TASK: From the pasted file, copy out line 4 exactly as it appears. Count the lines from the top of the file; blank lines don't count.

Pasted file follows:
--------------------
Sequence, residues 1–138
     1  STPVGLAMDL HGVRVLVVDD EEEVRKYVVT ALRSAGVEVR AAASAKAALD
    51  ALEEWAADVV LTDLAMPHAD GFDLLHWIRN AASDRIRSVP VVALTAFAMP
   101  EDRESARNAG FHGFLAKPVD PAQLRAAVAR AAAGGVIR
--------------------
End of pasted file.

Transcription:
   101  EDRESARNAG FHGFLAKPVD PAQLRAAVAR AAAGGVIR